Thursday, April 7, 2011

Bees and their honey.

Most beginning beekeepers have one goal in mind when they start beekeeping: producing honey. The delicious golden nectar bees work so hard to make is enjoyed worldwide. J Bees usually make more than they need but the beginner has to learn to judge how much honey to keep in the hive (including winter stores) and how much you can harvest. This is easier said than done. Other decisions that need to be made by the beekeepers are when to remove the honey and how. Last year we removed the little bit of honey I harvested from my hives around November. I only collected seven and a half pounds, but I had some queen and pesticide issues that I feel are all taken care of this year.

Brazillian Pepper comb honey

The how was easy. My bee-man came out and picked the frames he determined would be enough for me but leave plenty for the bees. Then we met at his house where he melted the wax off of the ‘capped’ honey frames. He used this long heated ‘knife’, but it looked kind of like a flat curling iron to me, lol. After the ‘caps’ were off the comb he put the frame vertically into an extractor which spins around very fast and the centrifugal force sprays the honey out of the combs and down into the bucket. Then it goes through the spigot and is strained, and into another smaller bucket where you can strain it one more time as it gets put into bottle and jars. It had to be strained because sometimes there are pieces of wax or there could be a stinger or other bee parts in the honey. It is a neat process to watch and be involved with.

The color of Honey can range from dark amber to an almost clear color. Color will depend on what is blooming at the time they collect the nectar. Some people prefer the lighter honey for the aesthetic qualities. However, the darker honey is said to have a higher proportion of antioxidants, vitamins and minerals. Honey is used for sore throats & coughs in this house. We also drink a teaspoon of honey with a teaspoon of apple cider vinegar diluted in some warm water in the mornings (when I can remember). It can also be used as a topical dressing for wounds, burns and other injuries. The daughter of a friend of mine has a disease (Epidermolysis Bullosa) that causes blistering of the skin and has since she was born. The unfortunate thing about this disease is there is no cure. The blisters will pop up somewhere else on her body, but at least for now, the honey helps to ease the pain.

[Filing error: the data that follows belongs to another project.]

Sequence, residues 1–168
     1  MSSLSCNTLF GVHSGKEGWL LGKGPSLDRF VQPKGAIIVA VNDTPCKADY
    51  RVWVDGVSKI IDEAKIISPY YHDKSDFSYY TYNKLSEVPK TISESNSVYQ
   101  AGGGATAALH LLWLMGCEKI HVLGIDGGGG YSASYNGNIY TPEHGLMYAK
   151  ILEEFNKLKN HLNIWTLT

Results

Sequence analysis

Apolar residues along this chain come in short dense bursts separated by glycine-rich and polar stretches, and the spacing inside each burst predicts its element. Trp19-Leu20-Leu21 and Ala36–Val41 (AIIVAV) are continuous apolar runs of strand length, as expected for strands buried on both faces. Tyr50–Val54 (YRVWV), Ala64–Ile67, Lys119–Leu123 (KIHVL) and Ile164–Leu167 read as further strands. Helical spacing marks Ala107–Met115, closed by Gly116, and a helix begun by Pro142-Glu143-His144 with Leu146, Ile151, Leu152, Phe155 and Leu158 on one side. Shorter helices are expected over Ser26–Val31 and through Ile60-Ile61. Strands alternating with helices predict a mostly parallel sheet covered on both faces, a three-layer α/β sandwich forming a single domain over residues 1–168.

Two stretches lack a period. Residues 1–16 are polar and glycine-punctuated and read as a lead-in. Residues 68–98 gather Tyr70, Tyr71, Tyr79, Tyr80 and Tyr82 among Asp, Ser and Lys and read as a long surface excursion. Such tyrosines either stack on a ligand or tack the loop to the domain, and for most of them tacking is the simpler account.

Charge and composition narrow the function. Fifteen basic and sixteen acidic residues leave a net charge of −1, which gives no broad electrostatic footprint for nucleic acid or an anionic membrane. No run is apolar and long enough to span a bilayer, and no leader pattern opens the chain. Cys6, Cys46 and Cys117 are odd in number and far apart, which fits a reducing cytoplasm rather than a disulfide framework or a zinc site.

The uses for honey seem to be endless. Honey can be used for beauty treatments also. (I may do a recipe/post on that next). Does the color of honey matter to you? What is your favorite flavor?


  1. Great information, Dollwoods. I've really enjoyed learning more about honey while getting a glimpse of your lives on this great old Tampa property. Thank you for sharing.

    I guess to answer your question; I tend toward lighter honey. It seems like its such a special treat. However, I love the spice and boldness of the darker ones as well. Honey is always yummy to me!

  2. Hi Carrie, I googled Beekeepers Association's for my area and went to the meetings. Everyone is so nice and you get to know who has commercial hives, who rents hives, basically, who does what and where, lol.



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